The threat of Ransomware continues to grow and impact public sector agencies. Since the WannaCry attack in 2017, ransomware attackers have been relentless in their pursuits. Take the City of Baltimore as an example. Baltimore was first attacked in 2018 and shortly after, as it was recovering, the city became a victim again as it was hit a second time with a ransomware attack in 2019.
Rather than pay the ransom, Baltimore’s leaders chose to focus on recovery efforts, which were estimated to exceed $18 million for just the 2019 attack. While cities and states seem to make the news for ransomware attacks more frequently, the federal government is also battling this relentless enemy. According to a recent report by Verizon, The Growing Ransomware Threat to Government Agencies, 30 percent of federal agency respondents reported their agency had fallen victim to a ransomware attack – a significant threat for agencies.
The 2020 Verizon Data Breach Investigation Report (DBIR), found ransomware was the most common form of malware impacting government agencies last year, accounting for over 60 percent of malware varieties in Public Administration incidents. While these numbers should be concerning to federal IT professionals, it’s estimated that these findings are merely just a glimpse into how often ransomware attacks are occurring. “The estimate is less than 10 percent [of ransomware incidents are] getting reported,” said Matthew O’Neill, Assistant Special Agent in Charge with the U.S. Secret Service.
The 2020 DBIR found that 39 percent of Public Administration organizations have experienced a compromise involving a mobile device. With a shortage of qualified IT staff and with remote work leading to government assets, to include laptops and mobile devices being dispersed more than ever before across the country, it is imperative that agencies bolster their security posture in tackling ransomware threats. The first step to bolstering security is to understand the threat and how it’s targeting agency assets.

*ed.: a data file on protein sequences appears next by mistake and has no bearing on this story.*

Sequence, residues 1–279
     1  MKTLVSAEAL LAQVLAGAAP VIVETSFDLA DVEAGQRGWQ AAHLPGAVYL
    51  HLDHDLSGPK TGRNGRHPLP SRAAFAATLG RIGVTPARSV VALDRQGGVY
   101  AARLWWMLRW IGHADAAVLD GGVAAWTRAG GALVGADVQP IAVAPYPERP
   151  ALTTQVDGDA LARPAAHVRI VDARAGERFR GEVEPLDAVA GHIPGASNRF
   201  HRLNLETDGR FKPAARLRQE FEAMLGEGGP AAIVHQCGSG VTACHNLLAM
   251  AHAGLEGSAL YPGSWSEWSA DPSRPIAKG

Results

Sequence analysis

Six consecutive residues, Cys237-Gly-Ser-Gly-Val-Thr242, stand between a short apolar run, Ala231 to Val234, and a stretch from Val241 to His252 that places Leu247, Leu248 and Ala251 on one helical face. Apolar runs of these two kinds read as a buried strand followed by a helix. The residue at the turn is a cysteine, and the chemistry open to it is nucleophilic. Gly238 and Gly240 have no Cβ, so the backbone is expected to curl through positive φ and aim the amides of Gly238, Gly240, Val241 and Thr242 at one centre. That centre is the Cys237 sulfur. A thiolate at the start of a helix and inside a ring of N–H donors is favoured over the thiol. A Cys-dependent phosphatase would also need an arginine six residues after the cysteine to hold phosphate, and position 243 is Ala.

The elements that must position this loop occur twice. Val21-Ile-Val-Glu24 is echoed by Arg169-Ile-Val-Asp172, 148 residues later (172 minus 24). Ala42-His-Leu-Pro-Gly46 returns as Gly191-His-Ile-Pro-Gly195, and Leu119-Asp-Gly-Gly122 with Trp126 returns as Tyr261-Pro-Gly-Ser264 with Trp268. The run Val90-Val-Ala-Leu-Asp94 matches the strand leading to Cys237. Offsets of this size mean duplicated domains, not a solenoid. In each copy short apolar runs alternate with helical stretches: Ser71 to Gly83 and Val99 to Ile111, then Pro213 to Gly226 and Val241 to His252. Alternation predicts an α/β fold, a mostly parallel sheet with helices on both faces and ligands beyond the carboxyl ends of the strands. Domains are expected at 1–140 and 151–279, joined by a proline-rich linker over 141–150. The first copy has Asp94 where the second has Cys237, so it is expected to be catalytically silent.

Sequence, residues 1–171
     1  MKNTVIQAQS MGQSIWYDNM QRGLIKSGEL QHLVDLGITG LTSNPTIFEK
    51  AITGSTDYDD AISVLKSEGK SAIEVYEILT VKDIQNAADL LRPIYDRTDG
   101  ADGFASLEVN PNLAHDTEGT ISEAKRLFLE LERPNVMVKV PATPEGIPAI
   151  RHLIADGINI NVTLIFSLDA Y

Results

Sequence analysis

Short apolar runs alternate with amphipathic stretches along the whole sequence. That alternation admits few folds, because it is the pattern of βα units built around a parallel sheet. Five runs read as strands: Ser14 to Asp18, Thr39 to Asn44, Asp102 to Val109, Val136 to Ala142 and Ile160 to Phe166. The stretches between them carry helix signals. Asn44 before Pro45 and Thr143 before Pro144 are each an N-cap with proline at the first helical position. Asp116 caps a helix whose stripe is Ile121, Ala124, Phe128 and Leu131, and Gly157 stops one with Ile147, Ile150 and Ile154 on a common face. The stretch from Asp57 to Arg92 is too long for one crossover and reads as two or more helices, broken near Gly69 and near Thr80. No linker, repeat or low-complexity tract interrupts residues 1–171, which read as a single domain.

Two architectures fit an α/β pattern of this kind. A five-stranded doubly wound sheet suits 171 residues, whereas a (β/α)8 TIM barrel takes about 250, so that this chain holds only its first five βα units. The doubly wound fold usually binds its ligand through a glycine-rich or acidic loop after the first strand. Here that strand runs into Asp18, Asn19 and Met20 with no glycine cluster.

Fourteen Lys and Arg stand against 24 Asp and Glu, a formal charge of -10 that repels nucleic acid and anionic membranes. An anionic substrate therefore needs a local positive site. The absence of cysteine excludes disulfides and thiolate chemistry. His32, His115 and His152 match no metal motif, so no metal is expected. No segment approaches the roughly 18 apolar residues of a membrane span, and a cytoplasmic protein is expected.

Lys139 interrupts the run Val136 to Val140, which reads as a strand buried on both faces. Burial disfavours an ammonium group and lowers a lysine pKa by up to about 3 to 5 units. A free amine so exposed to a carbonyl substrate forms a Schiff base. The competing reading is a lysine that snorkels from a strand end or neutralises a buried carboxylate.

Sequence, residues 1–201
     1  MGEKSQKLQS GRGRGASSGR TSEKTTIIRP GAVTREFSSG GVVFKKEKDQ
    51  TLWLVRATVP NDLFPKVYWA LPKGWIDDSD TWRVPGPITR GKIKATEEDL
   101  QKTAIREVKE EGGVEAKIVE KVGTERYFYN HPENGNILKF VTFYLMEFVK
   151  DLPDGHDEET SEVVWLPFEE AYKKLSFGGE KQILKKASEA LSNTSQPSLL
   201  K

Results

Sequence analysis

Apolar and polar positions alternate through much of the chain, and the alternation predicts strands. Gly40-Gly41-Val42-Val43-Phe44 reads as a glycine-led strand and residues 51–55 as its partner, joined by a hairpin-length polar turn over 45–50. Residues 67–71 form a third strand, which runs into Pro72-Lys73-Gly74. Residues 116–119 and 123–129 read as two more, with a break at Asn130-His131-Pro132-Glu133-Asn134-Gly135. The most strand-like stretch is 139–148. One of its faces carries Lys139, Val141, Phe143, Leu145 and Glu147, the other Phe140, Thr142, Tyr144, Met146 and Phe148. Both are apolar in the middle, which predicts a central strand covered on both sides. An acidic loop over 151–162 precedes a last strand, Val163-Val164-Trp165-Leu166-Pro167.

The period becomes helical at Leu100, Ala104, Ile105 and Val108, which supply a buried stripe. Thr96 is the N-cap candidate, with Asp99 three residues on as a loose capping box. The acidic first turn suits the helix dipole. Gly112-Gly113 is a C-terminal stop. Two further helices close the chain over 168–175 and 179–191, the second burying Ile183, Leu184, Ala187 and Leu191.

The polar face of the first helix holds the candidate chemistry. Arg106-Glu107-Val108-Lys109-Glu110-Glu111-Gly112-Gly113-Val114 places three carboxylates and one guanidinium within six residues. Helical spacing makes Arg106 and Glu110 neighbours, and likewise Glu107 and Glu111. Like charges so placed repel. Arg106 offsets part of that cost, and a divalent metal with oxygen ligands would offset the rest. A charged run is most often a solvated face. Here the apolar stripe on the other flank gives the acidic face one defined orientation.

Government agencies that handle sensitive data like Payment Card Information (PCI), Personally Identifiable Information (PII), and Protected Healthcare Information (PHI) and must educate themselves about ransomware attack tactics and trends. “That’s a prime target for any cyber attacker,” O’Neill said. For governments, cyber-attacks are glaring issues that can cause public uncertainty, creating the need to quickly fix these problems – which is why some agencies have chosen to pay ransom demands. “They just want to be up and running,” O’Neill shared.
“For agencies to combat these threats, they must understand how threat actors operate – how they infiltrate systems and devices, how they maneuver once inside, and how they continue to evolve their tactics to stay that proverbial one step ahead of cyber defenders and incident responders,” said John Grim, Head of Research at the Verizon Threat Research Advisory Center. “Let’s not forget the current challenges faced by many organizations with employees working from a familiar location, but in unfamiliar circumstances: those working from home, and even more so, from potentially anywhere. This dynamic poses two primary challenges: the technical cybersecurity aspect and the non-technical aspect – the Human Element. Threat actors are well aware of the potential they have here.”
The report takes a deep dive into the threat and victim aspects of ransomware, specifically focusing on the tactics, techniques, and procedures leveraged by threat actors, and the actions that their targeted victims can take to better prevent, better mitigate, better detect, and better respond to ransomware attacks.